There were few birds out on the beach at Fort Desoto when I visited during the peak of the red tide algae bloom. The few there were busy eating breakfast. Some were eating the dead sea life that had washed up on shore. I didn’t see any birds acting sick during this trip. Volunteers were out on the beach every day looking for sick birds that could be affected by eating too much of the dead fish. I kept yelling “Don’t eat that.” but they weren’t listening.
A cormorant and osprey were fighting over a lamp-post on the pier.
Even the crows were eating the dead fish. The park rangers kept raking up the shoreline but the dead fish kept washing up on shore.
Royal terns in the air.
The sandbar spit across the channel was full of birds.
A few monk parakeets were flying around the parking lot.
It was low tide on the beach and very few people were there so the shorebirds were napping. Although, something kept spooking them and they would all take off flying in a circle and then come land in the same spot.
There were two white pelicans floating around in the area around the beach. They were hanging out with a bunch of cormorants. They stayed pretty far out in the water so these were all extremely cropped.
I rarely go the tiny beach next to downtown St. Pete. It’s usually pretty busy and there’s a big public swimming pool in the parking lot. I was in the area so I stopped and talk a quick walk in the sand. It was fairly early in the morning so there wasn’t anyone on the beach. The paved trail along the side of it was packed with people walking, jogging, biking and walking their dogs. It was a normal weekend rush hour traffic on the trails.
How comfortable does this look? He was trying to sleep in this soft sand.
This one was still getting protection from the parent.
Do you think they realize those wooden decoys are not real?
“Hey, a parent’s gotta eat too.”
The baby above was hiding under the Gatorade bottle.
“Hey lady, can you open this bottle? I’m thirsty.”
“No? Then I’ll just hide behind it.”
Scrawny bottom. This little one was so cute standing like that.
“Someone turn the light out. I’m sleepy.”
“I caught one this big.”
No, I did not pick up trash. I was not going to cross the ropes even for trash. It will get picked once the birds are all gone. Someone might have left it sitting on their blanket and the wind blew it over. There were a few trash items in the roped off area. These were a few of the older babies that were born first. They are probably about 3-4 weeks old when I took these in mid July. Soon they’ll be walking over to the water and practicing skimming. I’m going to try to get over there when they are all much older.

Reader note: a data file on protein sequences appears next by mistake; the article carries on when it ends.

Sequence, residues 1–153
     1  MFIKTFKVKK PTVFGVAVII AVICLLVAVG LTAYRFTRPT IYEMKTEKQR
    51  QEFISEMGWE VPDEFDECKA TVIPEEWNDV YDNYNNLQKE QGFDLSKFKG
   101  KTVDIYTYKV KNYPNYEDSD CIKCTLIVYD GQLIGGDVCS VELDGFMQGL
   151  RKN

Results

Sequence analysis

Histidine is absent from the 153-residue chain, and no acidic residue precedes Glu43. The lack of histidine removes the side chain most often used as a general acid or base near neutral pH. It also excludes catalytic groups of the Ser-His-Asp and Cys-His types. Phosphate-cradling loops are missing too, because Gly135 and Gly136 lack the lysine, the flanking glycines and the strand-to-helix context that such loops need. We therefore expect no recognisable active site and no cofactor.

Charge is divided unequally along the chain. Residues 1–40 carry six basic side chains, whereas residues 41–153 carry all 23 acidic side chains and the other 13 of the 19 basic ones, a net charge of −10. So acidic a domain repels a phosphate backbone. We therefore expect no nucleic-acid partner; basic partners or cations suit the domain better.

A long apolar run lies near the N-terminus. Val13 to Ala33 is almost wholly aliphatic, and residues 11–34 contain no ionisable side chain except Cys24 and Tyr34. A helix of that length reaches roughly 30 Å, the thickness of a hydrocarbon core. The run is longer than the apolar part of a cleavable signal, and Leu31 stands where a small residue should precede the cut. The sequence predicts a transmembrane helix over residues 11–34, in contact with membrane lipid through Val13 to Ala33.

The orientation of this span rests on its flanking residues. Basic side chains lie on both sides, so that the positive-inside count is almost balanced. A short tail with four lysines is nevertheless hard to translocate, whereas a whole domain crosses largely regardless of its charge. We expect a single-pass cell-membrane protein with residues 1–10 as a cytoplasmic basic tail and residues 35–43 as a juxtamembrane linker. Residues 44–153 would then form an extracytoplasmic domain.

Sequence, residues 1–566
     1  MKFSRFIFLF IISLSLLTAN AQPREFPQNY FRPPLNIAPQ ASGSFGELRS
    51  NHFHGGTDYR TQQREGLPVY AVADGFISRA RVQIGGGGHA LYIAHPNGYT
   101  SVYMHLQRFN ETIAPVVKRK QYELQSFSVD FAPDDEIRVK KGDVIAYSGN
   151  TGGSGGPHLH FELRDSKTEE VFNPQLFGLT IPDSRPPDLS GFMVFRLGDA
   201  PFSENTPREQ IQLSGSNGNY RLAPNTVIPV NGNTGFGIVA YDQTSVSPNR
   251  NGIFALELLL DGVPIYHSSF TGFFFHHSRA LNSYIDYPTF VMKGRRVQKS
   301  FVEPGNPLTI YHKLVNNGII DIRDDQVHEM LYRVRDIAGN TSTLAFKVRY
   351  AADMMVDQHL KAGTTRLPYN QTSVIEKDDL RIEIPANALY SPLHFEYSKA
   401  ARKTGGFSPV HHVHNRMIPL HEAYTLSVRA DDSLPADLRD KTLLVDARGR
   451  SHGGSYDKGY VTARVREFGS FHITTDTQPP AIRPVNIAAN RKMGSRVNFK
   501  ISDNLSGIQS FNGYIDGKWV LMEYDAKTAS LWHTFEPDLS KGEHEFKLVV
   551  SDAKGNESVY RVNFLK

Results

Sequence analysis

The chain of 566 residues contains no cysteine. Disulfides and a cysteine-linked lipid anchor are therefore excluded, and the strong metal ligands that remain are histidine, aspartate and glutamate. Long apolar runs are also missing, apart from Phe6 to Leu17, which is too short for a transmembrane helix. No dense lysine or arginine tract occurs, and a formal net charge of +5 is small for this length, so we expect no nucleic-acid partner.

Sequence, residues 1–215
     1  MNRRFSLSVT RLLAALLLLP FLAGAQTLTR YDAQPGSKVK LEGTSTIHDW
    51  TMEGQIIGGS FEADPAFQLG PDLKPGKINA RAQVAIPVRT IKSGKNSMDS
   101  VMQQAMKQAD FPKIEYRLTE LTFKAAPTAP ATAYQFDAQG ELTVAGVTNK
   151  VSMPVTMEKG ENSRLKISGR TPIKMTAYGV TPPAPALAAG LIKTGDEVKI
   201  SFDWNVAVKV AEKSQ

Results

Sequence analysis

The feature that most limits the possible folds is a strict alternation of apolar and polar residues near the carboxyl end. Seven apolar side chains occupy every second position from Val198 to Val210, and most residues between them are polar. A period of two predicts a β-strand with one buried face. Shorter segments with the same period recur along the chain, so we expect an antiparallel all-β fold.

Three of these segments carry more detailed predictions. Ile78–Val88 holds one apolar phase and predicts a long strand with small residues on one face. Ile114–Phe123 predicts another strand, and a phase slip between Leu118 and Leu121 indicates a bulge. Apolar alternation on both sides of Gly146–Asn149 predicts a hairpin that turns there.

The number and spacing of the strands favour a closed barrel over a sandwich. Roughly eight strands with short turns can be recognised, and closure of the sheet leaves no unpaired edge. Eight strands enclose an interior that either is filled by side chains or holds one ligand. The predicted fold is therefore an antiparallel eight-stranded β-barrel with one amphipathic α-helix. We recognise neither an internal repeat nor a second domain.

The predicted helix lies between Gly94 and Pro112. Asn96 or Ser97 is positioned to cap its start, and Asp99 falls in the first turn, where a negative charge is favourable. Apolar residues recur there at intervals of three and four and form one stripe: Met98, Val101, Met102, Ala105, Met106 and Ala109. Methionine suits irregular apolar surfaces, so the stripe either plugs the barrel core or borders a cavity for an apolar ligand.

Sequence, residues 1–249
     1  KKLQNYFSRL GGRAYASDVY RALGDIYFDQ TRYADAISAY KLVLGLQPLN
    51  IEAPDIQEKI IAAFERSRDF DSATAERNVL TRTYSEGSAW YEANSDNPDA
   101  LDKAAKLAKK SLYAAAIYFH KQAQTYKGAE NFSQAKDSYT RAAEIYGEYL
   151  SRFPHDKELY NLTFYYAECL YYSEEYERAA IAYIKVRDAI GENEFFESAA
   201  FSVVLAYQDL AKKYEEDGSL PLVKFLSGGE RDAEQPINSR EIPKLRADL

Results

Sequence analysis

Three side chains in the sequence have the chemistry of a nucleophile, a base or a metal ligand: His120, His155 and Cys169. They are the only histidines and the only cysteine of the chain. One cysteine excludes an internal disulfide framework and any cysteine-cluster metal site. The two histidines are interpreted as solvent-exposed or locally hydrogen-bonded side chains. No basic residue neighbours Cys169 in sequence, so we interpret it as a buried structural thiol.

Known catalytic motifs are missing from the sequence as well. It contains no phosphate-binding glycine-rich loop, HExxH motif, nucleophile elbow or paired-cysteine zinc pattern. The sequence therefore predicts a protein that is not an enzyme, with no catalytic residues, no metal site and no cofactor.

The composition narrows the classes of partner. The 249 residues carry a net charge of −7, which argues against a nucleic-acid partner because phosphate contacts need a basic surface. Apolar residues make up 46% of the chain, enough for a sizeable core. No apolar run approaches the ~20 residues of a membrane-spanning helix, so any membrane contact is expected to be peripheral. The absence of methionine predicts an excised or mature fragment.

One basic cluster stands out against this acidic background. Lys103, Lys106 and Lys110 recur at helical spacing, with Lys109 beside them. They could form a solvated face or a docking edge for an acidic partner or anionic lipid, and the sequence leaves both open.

I quickly found the mandarin duck couple at Lake Mirror in downtown Lakeland. I had heard the city had received two mandarin couples for the lake. I only found one of the couples but did not know there were two until later after my visit.
They were napping while I was there but something up in the sky caused them to look up for a few minutes. Hawks and eagles sometimes cruise through there so they might have seen something high up in the sky.
Lake Mirror has a small floating deck in the middle of the lake which is probably used for seasonal decorations. The two fake owls are there to keep the real birds off the deck but you can see how much the real birds pay attention.
I headed over to Lake Morton, a couple of blocks away to see if any of the swans or geese were nesting yet. I found this funny looking mallard. I know he’s saying “Stop staring at my funny feathers on my head.”
There were two swan couples building nests.
The usual “limpkin with a snail” shot.
The black swans were posing for me.
And staying busy preening since mating season was starting.
The light birds are sanderlings. I think the darker birds are dunlins. They were all sleeping on the sand.
The little beach was full of shorebirds sleeping.
A car drove up and spooked them.
Marbled godwits trying to sleep. The one in front is yawning.
For the most part, these birds were not moving. They were taking advantage of the dark cloudy morning to sleep in.
A handful of skimmers came by looking for a spot to land.
Ring-billed gull towering over a few common terns.
Black bellied plovers watching me.
This tiny little beach at the end of the causeway on the Clearwater side of the bay is a catch 22. If it’s sunny and warm outside then the beach is full of people and the shorebirds are pretty scarce. They go further down the water in front of the water treatment plant. If it’s a cloudy day, then not many people are on the beach and the shorebirds take it over. But the light is bad so it’s harder to get decent pictures. You can drive on this little beach so people like to launch their wave runners here. The early morning I stopped, there were only two other cars around so the beach was full of shorebirds sleeping. Tons of ruddy turnstones, semipalmated plovers, sanderlings and dunlins covered the beach. There were a few ring-billed gulls, godwits and dowitcherss mixed in as well. I didn’t see anything really rare there. I was hoping to find a few horned grebes which hung out there last winter but it’s still early.